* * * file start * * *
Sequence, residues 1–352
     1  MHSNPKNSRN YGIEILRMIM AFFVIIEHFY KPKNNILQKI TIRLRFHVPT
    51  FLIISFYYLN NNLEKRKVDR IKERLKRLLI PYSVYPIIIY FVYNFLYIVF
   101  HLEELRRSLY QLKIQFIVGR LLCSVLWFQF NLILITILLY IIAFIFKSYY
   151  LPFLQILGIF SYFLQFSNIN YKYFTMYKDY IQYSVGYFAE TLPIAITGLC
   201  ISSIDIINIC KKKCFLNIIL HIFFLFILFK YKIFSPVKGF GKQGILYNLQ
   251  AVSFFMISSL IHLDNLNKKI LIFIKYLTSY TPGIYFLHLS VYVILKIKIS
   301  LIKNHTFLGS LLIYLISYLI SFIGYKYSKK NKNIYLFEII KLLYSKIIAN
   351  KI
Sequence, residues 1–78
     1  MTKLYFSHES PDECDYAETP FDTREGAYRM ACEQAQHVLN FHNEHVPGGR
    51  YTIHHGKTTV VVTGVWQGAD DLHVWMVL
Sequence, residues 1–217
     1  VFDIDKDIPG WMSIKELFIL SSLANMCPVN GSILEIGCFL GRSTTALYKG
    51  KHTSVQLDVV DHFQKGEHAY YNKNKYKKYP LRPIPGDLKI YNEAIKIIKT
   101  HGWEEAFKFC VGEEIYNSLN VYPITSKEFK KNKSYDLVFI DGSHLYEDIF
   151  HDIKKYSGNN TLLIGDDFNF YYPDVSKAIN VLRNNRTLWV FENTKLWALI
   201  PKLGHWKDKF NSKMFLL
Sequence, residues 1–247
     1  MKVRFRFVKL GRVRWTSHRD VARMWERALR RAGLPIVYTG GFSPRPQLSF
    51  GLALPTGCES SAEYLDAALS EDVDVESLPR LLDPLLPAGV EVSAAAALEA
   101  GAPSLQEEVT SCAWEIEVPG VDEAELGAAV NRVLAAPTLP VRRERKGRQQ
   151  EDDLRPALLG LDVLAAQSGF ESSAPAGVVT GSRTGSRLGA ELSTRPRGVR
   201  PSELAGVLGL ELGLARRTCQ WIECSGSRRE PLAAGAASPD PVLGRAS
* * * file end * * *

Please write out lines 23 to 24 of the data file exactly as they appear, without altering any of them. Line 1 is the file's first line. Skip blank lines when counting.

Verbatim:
   151  EDDLRPALLG LDVLAAQSGF ESSAPAGVVT GSRTGSRLGA ELSTRPRGVR
   201  PSELAGVLGL ELGLARRTCQ WIECSGSRRE PLAAGAASPD PVLGRAS